A string of groundbreaking deals struck on Monday has been heralded as the beginning of a media revolution. NBC and CBS abandoned age-old policies and chose to make top shows available via video-on-demand services. Yahoo! announced that it will enable television fans who are away from home to programme their TiVo digital-video recording devices remotely. "The computer has crashed into the TV set," declares Brian Roberts, chief executive of Comcast, the country's largest cable operator, which will let customers order up CBS prime-time shows just hours after they are on air.
But amid all the hue and cry about the growing consumer disdain for the daily TV schedule and enthusiasm for DVRs and iPods, one thing was missing: the business model. How will the producers of entertainment replace the profits they made from selling advertising aimed at a mass audience?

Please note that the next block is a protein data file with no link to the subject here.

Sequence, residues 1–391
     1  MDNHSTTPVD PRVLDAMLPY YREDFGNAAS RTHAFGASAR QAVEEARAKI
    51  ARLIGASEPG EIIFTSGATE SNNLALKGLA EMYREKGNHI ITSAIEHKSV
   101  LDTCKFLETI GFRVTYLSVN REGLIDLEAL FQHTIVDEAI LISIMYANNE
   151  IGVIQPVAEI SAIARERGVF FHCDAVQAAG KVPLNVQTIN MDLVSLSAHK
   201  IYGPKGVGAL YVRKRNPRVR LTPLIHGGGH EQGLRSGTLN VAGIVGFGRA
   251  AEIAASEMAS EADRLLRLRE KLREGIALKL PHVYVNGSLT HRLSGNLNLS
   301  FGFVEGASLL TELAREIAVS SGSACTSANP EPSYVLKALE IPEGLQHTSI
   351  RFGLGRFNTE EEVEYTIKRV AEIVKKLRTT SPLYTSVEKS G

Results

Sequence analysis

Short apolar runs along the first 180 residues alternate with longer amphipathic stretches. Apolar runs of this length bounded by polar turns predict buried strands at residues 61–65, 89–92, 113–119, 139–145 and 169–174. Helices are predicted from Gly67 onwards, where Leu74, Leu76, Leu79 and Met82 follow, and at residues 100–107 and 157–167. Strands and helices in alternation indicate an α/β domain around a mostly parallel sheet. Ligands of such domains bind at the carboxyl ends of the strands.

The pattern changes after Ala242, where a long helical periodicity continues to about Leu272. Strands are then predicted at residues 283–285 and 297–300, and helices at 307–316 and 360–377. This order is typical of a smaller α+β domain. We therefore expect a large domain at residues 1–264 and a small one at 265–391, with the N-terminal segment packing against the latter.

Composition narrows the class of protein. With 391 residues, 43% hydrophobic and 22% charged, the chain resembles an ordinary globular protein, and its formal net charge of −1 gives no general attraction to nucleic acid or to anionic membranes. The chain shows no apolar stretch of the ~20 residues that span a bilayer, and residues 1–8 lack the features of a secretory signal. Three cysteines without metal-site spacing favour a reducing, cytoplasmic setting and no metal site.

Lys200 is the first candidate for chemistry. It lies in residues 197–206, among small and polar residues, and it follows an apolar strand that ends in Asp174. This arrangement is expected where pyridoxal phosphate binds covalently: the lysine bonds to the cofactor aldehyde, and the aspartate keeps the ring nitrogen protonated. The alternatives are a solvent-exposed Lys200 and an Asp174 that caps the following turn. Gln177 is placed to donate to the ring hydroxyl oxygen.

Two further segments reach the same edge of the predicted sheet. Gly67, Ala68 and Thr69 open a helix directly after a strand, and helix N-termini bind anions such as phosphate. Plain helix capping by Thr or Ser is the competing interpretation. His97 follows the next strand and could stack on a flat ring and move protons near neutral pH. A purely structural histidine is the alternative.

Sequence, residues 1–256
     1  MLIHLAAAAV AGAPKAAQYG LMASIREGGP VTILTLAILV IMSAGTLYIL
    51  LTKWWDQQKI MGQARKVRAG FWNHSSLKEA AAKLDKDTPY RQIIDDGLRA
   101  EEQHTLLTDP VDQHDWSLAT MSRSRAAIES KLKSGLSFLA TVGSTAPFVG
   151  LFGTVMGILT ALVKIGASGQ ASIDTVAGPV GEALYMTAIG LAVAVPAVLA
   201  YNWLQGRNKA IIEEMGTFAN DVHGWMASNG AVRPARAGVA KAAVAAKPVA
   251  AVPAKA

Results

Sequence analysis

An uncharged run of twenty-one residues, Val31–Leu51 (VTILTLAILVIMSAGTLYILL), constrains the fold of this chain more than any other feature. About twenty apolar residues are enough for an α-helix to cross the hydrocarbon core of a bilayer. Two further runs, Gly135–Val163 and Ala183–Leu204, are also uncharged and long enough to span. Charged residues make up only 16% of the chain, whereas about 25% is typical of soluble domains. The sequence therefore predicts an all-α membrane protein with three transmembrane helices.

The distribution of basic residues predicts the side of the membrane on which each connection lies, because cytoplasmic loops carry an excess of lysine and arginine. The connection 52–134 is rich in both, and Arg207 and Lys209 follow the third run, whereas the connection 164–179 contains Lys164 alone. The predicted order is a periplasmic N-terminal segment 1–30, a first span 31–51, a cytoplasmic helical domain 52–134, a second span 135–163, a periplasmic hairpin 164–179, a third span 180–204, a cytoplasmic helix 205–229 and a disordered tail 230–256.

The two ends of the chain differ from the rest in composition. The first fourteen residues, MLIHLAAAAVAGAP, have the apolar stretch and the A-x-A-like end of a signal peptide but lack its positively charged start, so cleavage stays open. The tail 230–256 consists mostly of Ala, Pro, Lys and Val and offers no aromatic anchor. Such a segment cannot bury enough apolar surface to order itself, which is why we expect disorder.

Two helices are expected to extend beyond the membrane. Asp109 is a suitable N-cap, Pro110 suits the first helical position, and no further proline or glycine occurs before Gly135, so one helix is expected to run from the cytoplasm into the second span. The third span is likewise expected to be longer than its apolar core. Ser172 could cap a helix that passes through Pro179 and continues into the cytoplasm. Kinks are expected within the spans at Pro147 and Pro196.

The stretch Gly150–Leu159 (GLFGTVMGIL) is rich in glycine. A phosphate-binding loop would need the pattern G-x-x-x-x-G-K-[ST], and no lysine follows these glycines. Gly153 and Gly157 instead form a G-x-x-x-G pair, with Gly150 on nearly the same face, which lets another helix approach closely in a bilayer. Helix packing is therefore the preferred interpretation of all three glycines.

So why the rush by media giants into the on-demand world? They're worried that audiences are fragmenting and that advertisers won't keep paying for general audiences, who are turning away from their messages. The internet and hand-held devices provide access to all kinds of entertainment for a small fee. Internet ad revenue amounts to only a fraction of the $17.8bn (£10.4bn) that network television ads generate, but the online take is growing by 40 per cent a year. Network dollars are up only 2.6 per cent, and that's the result of price increases that will be difficult to sustain.
"We have great content. What we need are new revenue streams," says Leslie Moonves, chief executive of CBS.